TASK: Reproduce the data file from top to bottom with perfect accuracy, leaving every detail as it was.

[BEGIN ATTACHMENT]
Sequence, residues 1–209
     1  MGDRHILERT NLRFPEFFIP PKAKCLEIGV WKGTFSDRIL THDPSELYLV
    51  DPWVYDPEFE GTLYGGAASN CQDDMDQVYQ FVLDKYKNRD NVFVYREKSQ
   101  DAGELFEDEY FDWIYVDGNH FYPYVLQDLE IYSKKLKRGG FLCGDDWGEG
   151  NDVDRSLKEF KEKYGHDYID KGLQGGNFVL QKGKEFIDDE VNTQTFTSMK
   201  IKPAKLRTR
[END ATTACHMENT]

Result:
Sequence, residues 1–209
     1  MGDRHILERT NLRFPEFFIP PKAKCLEIGV WKGTFSDRIL THDPSELYLV
    51  DPWVYDPEFE GTLYGGAASN CQDDMDQVYQ FVLDKYKNRD NVFVYREKSQ
   101  DAGELFEDEY FDWIYVDGNH FYPYVLQDLE IYSKKLKRGG FLCGDDWGEG
   151  NDVDRSLKEF KEKYGHDYID KGLQGGNFVL QKGKEFIDDE VNTQTFTSMK
   201  IKPAKLRTR